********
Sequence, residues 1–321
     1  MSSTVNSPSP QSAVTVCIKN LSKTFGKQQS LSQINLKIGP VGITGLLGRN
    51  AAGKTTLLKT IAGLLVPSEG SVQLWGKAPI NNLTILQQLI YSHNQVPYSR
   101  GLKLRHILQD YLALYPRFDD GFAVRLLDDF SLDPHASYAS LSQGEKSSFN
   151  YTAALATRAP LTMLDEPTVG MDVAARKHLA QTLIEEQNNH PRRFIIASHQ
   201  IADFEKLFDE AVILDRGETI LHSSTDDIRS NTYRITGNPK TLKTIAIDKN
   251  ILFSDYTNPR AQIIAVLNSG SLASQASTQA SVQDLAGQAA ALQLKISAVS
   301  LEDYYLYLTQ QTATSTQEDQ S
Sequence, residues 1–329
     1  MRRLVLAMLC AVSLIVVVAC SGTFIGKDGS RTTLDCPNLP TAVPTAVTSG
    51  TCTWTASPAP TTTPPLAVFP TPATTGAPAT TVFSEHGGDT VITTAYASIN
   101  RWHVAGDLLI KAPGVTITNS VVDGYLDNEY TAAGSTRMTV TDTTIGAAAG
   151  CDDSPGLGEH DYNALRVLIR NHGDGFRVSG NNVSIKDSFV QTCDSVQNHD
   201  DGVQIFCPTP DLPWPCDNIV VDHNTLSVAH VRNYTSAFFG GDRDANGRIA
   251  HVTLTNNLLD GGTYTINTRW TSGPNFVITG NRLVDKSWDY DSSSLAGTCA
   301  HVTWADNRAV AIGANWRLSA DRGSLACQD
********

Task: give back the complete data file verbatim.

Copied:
Sequence, residues 1–321
     1  MSSTVNSPSP QSAVTVCIKN LSKTFGKQQS LSQINLKIGP VGITGLLGRN
    51  AAGKTTLLKT IAGLLVPSEG SVQLWGKAPI NNLTILQQLI YSHNQVPYSR
   101  GLKLRHILQD YLALYPRFDD GFAVRLLDDF SLDPHASYAS LSQGEKSSFN
   151  YTAALATRAP LTMLDEPTVG MDVAARKHLA QTLIEEQNNH PRRFIIASHQ
   201  IADFEKLFDE AVILDRGETI LHSSTDDIRS NTYRITGNPK TLKTIAIDKN
   251  ILFSDYTNPR AQIIAVLNSG SLASQASTQA SVQDLAGQAA ALQLKISAVS
   301  LEDYYLYLTQ QTATSTQEDQ S
Sequence, residues 1–329
     1  MRRLVLAMLC AVSLIVVVAC SGTFIGKDGS RTTLDCPNLP TAVPTAVTSG
    51  TCTWTASPAP TTTPPLAVFP TPATTGAPAT TVFSEHGGDT VITTAYASIN
   101  RWHVAGDLLI KAPGVTITNS VVDGYLDNEY TAAGSTRMTV TDTTIGAAAG
   151  CDDSPGLGEH DYNALRVLIR NHGDGFRVSG NNVSIKDSFV QTCDSVQNHD
   201  DGVQIFCPTP DLPWPCDNIV VDHNTLSVAH VRNYTSAFFG GDRDANGRIA
   251  HVTLTNNLLD GGTYTINTRW TSGPNFVITG NRLVDKSWDY DSSSLAGTCA
   301  HVTWADNRAV AIGANWRLSA DRGSLACQD